TORONTO, ONTARIO - Earlier this week, Canada lost out to Portugal in a bid for a seat on the United Nations Security Council. This was the first time in the history of United Nations that Canada had failed to be voted in to a Security Council seat. While it is true that a long list of reasons contributed to the lack of international support for Canada's candidacy, the bottom line is that it where Canada was once viewed as a "Honest Broker," it is now isolated. It's not so much that we lost--shifting dynamics in the world may have favored Portugal in any event--it's that it wasn't even close, and much of the blame falls squarely on the Harper government.
It wasn't so long ago that Canada was viewed positively by many of the nations in the world as a fundamentally internationalist country. It once had the most peacekeepers deployed under UN auspices--now it ranks 12th, with almost all of its foreign deployment under NATO, not the UN, in Afghanistan--a change that started under Liberal governments (and the extent to which peacekeeping leadership was a myth in the first place is a whole separate topic). More importantly, there was a reputation of Canada as the honest broker, willing to listen to less developed countries, willing to take environmental leadership, willing to stand up to the United States, and willing to compromise on issues. That has largely disappeared under the Conservatives--Canada was basically absent on climate change, its support for right-wing elements in Israel has exceeded that of the United States, and off the top of my head I can't think of single issue in which Canada has stood up to the United States on the behalf of the world in the past four years. The epitome of the anti-internationalist attitude of the present government was when Harper decided to go to Tim Horton's instead of a UN meeting.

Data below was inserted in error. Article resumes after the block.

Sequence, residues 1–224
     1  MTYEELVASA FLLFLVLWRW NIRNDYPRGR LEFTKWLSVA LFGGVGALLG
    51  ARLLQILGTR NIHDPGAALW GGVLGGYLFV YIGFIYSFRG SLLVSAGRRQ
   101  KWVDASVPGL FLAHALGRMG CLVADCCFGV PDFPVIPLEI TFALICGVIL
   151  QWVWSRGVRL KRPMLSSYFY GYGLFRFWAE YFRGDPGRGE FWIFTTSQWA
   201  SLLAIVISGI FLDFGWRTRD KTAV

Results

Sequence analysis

While he clearly should not have said so publicly, especially before the vote, Liberal leader Michael Ignatieff is fundamentally right--this Canadian government hasn't earned the right for Canada to be on the security council. In its defense, the government tried to blame Ignatieff, and when it was pointed out that the foreign delegations didn't even know about his statements, they stated that principle was more important to them than the UN seat.
They're missing the point. Why did I start to have positive emotions about Canada in the first place? It wasn't because of bilingualism, which I thought at the age of 11 was rather strange. It wasn't because of multiculturalism, which I appreciate now but didn't understand then. It wasn't because of the more civilized culture, which was not at all obvious in comparing Seattle and Vancouver. It was precisely because Canada seemed to be viewed positively by the whole world, that it had an internationalist stance that matched my ideals, and that its government would publicly stand up to the United States on occasion when it seemed warranted that earned my attention.
Harper's foreign policy has changed all that. Now those with internationalist ideals won't be attracted to Canada. To the outside observer, Canada now seems like an environmentally-irresponsible, resource-based economy that happens to have more financial regulations and nationalized health care. The United Nations vote was a wake-up call from the rest of the world that Canada's international image has changed.
I speak with enough Canadians to know that the Canadian people haven't changed, only their government. The vast majority of the people I encounter liked the old image that Canada had, and don't think much of the current one. Yet, they won't give more than a moment's thought to the UN vote this week. It will take political leadership to talk about what that vote really reflects. If Michael Ignatieff chooses to make this issue in the next election, it won't be enough to win the election unless it is accompanied by more bread-and-butter economic issues, but I suspect it will hit a nerve in the Canadian populace.